The Nature of the Post-WTO Chinese Legal System

In order to fully comprehend the current IP system in China, it is necessary to first grasp an appreciation for the complex interplay between the state and the law in China and how this relationship has developed. Firstly, China could be said to have only benefited from an independent legal system since 1912; in Imperial China, all power was vested in the emperor and the legal codes that did exist were aimed at protecting the state’s interests rather than individual rights. Moreover, many legal matters were dealt with informally by local groups without recourse to formal legal structures (Cohen 1966, p. 470).

Furthermore, since the establishment of the PRC in 1949, the formal legal framework has also periodically been sidelined in favour of extrajudicial mechanisms, particularly during the Cultural Revolution from 1966-76 (Wang 1995, p. 132). As the contemporary legal framework of courts and personnel has only been established for less than four decades, since the start of the reform period in the late 1970s, the juvenile nature of the legal system still has its legacy in the current IP system, particularly in the lack of experience of key personnel, an issue compounded by the fact that specialised IP courts were only more recently established. In addition, although the legal system has been subject to sweeping reforms in the past decades, these changes cannot be considered in isolation.

Regardless of how much legislation is promulgated and how many judges are trained and installed in the courts, legality will not grow unless the Party-state fosters and maintains a commitment to it and alters the allocation of power between the courts and the rest of the Party-state. (Lubman 1999, p. 299)

In other words, consideration of the legal system necessarily incorporates discussion of the political system in China as well. The legal system in China is also subject to lingering suspicions that, despite committing to establishing a rule-of-law state in a constitutional amendment of 1999, it is still subject to the policy whims of the Party (Liu 1991, pp. 7-8). Indeed, China’s legal system is frequently judged to be following an instrumentalist model of the law, whereby law is merely the vehicle by which policy goals are achieved, whether they be social control, class emancipation or economic development. This instrumentalist model could be seen as originating in the traditional Chinese legal system, but also as arising from adoption of a Marxist legal model (Yu 2001, p. 72).

The instrumentalist nature of the legal system in China has several implications for the current IP system. It is certainly true that legislation is often drafted to be “intentionally ambiguous” (Potter 2001, p. 11) in order to allow for shifts in policy emphasis and with detailed regulations issued later to fill the gaps. This could also be a consequence of the traditional preference in China for bureaucratic discretion over legislative certainty. In addition, there is a traditional preference in China for informal dispute resolution mechanisms, such as mediation which leads to a continued dominance of public enforcement mechanisms in the legal system generally.5 The obvious corollary of this is a corresponding weakness in the judicial system. Although the principle of judicial independence is officially accepted, the interpretation of this principle refers to the elimination of direct interference in individual cases rather than a wider separation of powers recognised as central to judicial independence in other jurisdictions (Keith 1994, p. 18). Finally, the decentralisation that has taken place in the reform era, as China has moved away from a centrally planned command economy, has conversely led to problems in the legal system; as provinces are now more powerful, local protectionism cannot be easily confronted as local interests are deeply entrenched.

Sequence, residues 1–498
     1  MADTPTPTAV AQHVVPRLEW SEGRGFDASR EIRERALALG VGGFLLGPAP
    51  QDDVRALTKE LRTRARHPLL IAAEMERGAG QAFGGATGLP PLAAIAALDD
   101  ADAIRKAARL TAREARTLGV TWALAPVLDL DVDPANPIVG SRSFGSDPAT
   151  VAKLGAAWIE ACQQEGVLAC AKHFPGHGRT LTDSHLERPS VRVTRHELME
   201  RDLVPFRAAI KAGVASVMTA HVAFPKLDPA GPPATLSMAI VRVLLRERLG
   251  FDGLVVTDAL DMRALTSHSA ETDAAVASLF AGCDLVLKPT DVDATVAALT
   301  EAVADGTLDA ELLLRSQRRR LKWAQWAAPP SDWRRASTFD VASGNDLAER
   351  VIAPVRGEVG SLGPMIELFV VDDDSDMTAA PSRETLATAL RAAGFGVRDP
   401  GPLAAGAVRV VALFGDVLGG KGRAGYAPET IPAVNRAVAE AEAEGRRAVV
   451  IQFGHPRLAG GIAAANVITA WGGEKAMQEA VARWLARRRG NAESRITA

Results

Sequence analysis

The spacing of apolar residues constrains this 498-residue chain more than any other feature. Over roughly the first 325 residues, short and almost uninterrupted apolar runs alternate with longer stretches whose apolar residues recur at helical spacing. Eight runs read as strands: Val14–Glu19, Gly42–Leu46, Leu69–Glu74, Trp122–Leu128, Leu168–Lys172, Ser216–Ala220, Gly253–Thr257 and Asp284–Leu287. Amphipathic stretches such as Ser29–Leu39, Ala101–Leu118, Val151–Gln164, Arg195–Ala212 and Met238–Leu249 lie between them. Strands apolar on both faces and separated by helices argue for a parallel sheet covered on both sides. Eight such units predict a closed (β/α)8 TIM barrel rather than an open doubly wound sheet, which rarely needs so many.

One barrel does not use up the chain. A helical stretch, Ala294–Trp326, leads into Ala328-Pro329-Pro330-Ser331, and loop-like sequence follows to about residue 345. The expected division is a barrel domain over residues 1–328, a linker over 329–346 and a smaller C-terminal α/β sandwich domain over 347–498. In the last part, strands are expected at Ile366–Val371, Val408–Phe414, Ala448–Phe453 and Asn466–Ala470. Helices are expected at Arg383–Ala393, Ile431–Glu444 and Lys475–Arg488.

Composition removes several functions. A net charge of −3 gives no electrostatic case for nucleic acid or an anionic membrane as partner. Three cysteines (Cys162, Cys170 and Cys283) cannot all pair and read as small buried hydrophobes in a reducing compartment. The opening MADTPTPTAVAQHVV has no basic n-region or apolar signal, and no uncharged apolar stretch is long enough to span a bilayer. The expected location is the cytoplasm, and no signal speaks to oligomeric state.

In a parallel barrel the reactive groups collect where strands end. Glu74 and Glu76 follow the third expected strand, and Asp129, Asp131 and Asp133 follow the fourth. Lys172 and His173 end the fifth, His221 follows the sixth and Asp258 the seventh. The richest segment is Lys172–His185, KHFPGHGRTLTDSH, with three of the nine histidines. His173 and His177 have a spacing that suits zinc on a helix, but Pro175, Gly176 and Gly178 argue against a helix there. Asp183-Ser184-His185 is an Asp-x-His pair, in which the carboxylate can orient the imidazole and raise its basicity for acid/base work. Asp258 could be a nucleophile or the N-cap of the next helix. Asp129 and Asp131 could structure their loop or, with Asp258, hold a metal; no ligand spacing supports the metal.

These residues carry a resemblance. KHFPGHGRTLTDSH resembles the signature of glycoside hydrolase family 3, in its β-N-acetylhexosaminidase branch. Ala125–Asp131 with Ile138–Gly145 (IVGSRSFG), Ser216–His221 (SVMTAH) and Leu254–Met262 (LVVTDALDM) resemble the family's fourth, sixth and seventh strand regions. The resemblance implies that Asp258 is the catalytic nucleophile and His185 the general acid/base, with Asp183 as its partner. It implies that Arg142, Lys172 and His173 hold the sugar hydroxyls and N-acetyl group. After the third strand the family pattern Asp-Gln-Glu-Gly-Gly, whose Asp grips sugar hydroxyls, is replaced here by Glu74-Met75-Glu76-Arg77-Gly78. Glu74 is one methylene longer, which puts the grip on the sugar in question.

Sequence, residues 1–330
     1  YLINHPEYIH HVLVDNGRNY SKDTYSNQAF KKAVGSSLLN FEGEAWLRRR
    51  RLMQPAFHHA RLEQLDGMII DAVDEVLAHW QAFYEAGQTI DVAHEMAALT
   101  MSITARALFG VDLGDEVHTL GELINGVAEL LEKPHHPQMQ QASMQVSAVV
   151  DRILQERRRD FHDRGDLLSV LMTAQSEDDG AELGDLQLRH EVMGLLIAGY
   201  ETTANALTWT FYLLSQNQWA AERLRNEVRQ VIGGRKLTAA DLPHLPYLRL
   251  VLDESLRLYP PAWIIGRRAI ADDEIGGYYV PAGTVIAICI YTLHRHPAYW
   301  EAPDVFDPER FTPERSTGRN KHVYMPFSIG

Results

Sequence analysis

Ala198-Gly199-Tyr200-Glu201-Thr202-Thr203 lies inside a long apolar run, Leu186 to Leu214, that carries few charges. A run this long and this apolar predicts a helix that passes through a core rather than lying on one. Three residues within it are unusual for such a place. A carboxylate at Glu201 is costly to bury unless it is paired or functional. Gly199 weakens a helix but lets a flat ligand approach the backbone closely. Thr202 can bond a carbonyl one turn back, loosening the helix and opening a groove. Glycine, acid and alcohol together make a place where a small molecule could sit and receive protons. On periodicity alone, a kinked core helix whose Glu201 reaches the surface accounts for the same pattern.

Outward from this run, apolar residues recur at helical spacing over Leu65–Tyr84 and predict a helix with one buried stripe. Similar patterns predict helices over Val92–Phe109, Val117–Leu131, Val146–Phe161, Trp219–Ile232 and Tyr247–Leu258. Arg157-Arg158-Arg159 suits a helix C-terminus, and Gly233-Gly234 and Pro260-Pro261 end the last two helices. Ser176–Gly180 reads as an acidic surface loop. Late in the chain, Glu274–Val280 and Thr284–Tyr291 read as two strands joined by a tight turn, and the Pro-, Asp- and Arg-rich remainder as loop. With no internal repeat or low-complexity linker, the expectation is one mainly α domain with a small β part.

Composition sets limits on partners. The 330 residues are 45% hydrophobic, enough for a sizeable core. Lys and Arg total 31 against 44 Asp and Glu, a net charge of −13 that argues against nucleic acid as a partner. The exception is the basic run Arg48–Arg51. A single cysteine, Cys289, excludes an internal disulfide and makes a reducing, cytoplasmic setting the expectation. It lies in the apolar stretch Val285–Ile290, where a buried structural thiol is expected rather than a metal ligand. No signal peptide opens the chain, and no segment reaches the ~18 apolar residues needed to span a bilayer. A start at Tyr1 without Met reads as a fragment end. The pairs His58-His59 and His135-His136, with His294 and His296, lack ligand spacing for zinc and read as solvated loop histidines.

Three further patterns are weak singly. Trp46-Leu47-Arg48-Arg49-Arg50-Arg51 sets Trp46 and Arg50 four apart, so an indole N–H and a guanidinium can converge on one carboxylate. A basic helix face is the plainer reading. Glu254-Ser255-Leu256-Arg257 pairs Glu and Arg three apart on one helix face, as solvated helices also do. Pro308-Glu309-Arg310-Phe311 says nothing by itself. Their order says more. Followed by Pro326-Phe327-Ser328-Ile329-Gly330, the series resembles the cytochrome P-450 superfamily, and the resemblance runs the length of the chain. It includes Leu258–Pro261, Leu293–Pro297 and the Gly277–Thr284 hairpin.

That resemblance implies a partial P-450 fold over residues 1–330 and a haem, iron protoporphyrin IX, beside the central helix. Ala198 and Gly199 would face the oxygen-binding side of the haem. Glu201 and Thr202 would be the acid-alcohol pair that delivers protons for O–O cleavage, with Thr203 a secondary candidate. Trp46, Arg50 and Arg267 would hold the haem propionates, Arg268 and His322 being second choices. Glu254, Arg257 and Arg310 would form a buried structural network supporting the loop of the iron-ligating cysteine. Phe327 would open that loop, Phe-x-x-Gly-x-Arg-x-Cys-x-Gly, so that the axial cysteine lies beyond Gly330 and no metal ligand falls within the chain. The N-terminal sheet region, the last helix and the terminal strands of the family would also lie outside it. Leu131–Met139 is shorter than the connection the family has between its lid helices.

In terms of the IP system specifically, there are a number of official agencies charged with administering the current IP system in China. The State Administration for Industry and Commerce (SAIC) is responsible for trademark registration and enforcement, which is often carried out administratively through local-level AICs. The General Administration of Customs is the body responsible for enforcement of IP at the border, whilst copyright is dealt with by the National Copyright Administration (under the General Administration of Press and Publication). Finally, despite the wider-ranging name, the State Intellectual Property Office is only responsible for patent registration and enforcement and was formerly known as the Chinese Patent Office. In addition, the Supreme People’s Court is the body responsible for judicial enforcement of intellectual property in China.

Apart from the Supreme People’s Court, all of these organisations are directly responsible to the State Council. The Supreme People’s Court is overseen by the National People’s Congress (NPC) and its permanent Standing Committee. According to Article 67 of the PRC constitution,6 it is also the role of the NPC’s standing committee to oversee the work of the State Council. Thus, the main IP agencies are not subordinate to a particular ministry. However, as they are powerful bodies reporting directly to the State Council, they are highly resistant to any attempts to merge them or delegate their powers to other bodies. As a result, the IP system is often accused of lacking coordination between these multiple channels (Mertha 2005, p. 111).

Therefore, the role of the law and of the state in China and the developing relationship between the two has a variety of implications for the current system of IP protection. These consequences will be discussed further in this book as analysis of the current IP system develops. The following section will now examine the development of IP in China.

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